Fig 2


Why the dip when N ranges from 350 to 570?
When the performance recovers, why do we see 4x improvement instead of 8x improvement?
Why the jagged line (noise) towards lower N?

The dip is due to cache evictions caused by one thread adversely interacting with other threads.
We get just over 4x performance because the Core i7 920 is a 4 core processor capable of 4 execution streams for floating point (although it has 8 hardware threads for integer execution streams). On the higher N values it would appear that we are maxing out the capabilities of processor, 4 cores == 4 x performance boost.

The trend line is jagged due to only one sample run being taken, and due to the short run times when N is low. Also, the variable overhead in starting the thread team (now 8 threads) is more noticeable on the left hand side of the curve. An average of a larger number of runs would smooth out this line, but this consumes unnecessary time from the developer. Additionally the large spike at about 250 indicates that the Serial version took a large tick count hit at that point due to out of application control circumstances (expansion of page file or other activity on the system). You do not need a precise chart for program analysis purposes.

Is there anything we can we do to improve this performance and/or correct for the dip in performance for N between 350 and 570?

The main computational section of code for both Serial and Parallel are the same:
 

for (intptr_t j = 0; j < size; j++)
{
	double temp = 0;
	for (intptr_t k = 0; k < size; k++)
	{
	temp += m1[i][k] * m2[k][j];
	}
	result[i][j] = temp;
}

Notice that the product accumulation statement
 

temp += m1[i][k] * m2[k][j];

uses k to index the column of array m1 and the row of array m2. This access pattern has two problems: First, it is not cache friendly, and second, it is not amenable to vectorization by the compiler. Let's look at fixing these problems.

In the Cilk++ sample programs, which is (or will be) available with the Intel Parallel Studio, we find a sample program showing a cache friendly implementation of matrix multiply:
 

// Multiply double precision square n x n matrices. A = B * C
// Matrices are stored in row major order.
void matrix_multiply(double* A, double* B, double* C, unsigned int n)
{
    if (n < 1) {
        return;
    }

    cilk_for(unsigned int i = 0; i < n; ++i) {
// This is the only Cilk++ keyword used in this program
// Note the order of the loops and the code motion of the i*n and k*n
// computation. This gives a 5-10 performance improvement over
// exchanging the j and k loops.
	int itn = i * n;
       for (unsigned int k = 0; k < n; ++k) {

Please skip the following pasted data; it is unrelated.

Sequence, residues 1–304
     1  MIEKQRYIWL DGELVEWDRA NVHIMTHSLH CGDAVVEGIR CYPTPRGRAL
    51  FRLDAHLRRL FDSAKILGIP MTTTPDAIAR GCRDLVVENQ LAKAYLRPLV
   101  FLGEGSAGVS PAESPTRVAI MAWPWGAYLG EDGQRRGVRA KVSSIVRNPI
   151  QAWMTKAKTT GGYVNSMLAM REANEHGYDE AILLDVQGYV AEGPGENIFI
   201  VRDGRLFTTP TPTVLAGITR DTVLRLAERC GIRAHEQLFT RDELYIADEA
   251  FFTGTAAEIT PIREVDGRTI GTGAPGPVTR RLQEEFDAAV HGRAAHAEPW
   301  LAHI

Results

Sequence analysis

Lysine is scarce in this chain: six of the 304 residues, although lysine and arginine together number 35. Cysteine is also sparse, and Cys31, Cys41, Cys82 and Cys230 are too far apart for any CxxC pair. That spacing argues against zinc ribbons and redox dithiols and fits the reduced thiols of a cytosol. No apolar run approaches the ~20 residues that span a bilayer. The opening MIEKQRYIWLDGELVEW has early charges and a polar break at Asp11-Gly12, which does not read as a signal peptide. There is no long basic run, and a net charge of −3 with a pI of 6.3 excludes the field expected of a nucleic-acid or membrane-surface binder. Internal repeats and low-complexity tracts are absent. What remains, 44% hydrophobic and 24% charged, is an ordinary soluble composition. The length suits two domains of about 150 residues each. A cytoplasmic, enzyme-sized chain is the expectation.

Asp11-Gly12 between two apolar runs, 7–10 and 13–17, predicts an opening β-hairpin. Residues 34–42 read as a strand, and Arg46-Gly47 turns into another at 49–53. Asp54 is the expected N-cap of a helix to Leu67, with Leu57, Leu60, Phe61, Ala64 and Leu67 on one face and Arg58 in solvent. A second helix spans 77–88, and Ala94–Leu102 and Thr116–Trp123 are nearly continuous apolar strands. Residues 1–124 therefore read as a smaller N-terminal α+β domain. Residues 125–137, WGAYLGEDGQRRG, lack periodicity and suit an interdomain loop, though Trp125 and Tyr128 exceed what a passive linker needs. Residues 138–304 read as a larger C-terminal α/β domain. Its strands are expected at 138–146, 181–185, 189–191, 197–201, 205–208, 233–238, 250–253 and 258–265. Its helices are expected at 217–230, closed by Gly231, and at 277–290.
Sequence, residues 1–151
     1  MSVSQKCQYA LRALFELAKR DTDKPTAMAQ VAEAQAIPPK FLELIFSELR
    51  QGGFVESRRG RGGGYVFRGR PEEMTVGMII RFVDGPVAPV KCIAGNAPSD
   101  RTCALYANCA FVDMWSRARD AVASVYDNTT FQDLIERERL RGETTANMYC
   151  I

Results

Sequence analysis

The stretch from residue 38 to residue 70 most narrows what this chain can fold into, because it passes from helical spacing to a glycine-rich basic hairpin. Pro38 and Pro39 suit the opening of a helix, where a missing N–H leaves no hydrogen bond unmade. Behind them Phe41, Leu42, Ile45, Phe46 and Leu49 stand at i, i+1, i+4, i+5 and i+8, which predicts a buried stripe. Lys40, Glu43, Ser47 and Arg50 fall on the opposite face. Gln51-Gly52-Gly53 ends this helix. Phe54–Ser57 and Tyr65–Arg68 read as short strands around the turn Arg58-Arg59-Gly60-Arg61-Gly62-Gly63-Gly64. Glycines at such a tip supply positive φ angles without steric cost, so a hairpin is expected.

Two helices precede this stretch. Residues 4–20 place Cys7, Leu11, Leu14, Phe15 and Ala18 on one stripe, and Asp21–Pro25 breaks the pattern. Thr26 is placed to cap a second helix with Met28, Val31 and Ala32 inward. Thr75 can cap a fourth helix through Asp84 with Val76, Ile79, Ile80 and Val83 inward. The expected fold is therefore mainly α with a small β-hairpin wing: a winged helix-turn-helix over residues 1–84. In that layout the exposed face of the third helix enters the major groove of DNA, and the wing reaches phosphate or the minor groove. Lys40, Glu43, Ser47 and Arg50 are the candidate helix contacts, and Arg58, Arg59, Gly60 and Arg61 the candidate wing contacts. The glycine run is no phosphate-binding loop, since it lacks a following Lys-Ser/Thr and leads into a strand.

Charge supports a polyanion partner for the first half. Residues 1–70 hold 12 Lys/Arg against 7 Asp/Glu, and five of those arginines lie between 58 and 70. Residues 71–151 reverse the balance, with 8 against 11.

for (unsigned int j = 0; j < n; ++j) {
    	        int ktn = k * n;
                // Compute A[i,j] in the inner loop.
                A[itn + j] += B[itn + k] * C[ktn + j];
            }
        }
    }
    return;
}

The itn (i times n) and ktn (k times n) variables take large steps through the arrays. The array pointers point to single dimensioned arrays that are row packed. This is to say each row is appended to the prior row into one large single dimension array. Which is then indexed by way of i*n and/or k*n.

Serial and Parallel function signatures:
 

void matrix_multiply(
	double** m1, double** m2, double** result, size_t size);
void parallel_matrix_multiply(
	double** m1, double** m2, double** result, size_t size);

Note double** on the 2D array pointers.

Cilk++ function signature:
 

void matrix_multiply(double* A, double* B, double* C, unsigned int n);

Note double* on the 2D array pointers.

Row packing principally does one beneficial thing to your program. Row packing eliminates a memory fetch of a pointer to the row (as done with array of row pointers). This uses fewer Virtual Memory Translation Look Aside Buffers. And this improves cache utilization.
 

temp += m1[i][k] * m2[k][j]; // serial/parallel

Uses: 1 TLB for code + 1 TLB for stack (could be 0) + 1TLB for m1 row table + 1 TLB for m1 data + 1 TLB for m2 row table + 1 TLB for m2 data = 6 (or 5) TLB's.

Whereas the row packing method employed by the Cilk++ sample program:
 

	A[itn + j] += B[itn + k] * C[ktn + j];

Uses: 1 TLB for code + 1 TLB for stack (could be 0) + 1 TLB for m1 data + 1 TLB for m2 data = 4 (or 3) TLB's.

The reduction in the numbers of TLB's required should produce an advantage.

And the corrisponding charts:
 

 

Fig 3 (above)


Wow!, the Cilk++ technique on the Q6600 has a nice peak between 400 and 700 where it attains close to 25x performance over Serial but dropps off to about 14x at the higher range. This represents a 3x to 6x improvement over the parallel version of the standard matrix multiply code. The elimination of the array of row pointers made a significant difference.
 

I should state that the technique used by the Cilk++ demo program is referred to as "Cilk++" on the charts and in the body of this text. The technique used can be used by other parallel programming dialects. Keep this in mind as you read this series of articles.


Now looking at the Core i7 920 processor we find:
 

 

Fig 4


The Cilk++ method on the Core i7 920 attains almost 50x performance gain over serial method at about N=800 (12x over parallel), but appears as if it will be dropping off after 1024 (as it did earlier at 700 on the Q6600). Additional data points should be collected.

What this teaches us is: constructing 2D arrays as an array of pointers to 1D arrays looks good but can cost you dearly. Clearly the more efficient route is to use row packing to reduce the number of TLBs and corrisponding entries in the cache. But this means changing
 

   double** A; // referenced as A[iRow][iCol]

into some class
 

   Array2D<double>  A;

And then changing the allocations and references (or fancy template operators).

If you look at this from a different perspective the array class object(s) are effectively array descriptors. Array descriptors are a well used technique by FORTRAN.

WIth an improvement of 12x over a parallel version of the serial implimentation this shows that paying attention to cache issues realy pays off. And that you may have to dispense with the familiar C/C++ programming practice of referencing a multi-dimensioned array as an array of pointers. A little extra programming effort pays off with significant returns in performance.

You would have to ask yourself: is this the best you can do?
And, is it worth your while to attempt at better performance?

The answer to this is the subject of my next article: Part 2
Jim Dempsey
jim@quickthreadprogramming.com
www.quickthreadprogramming.com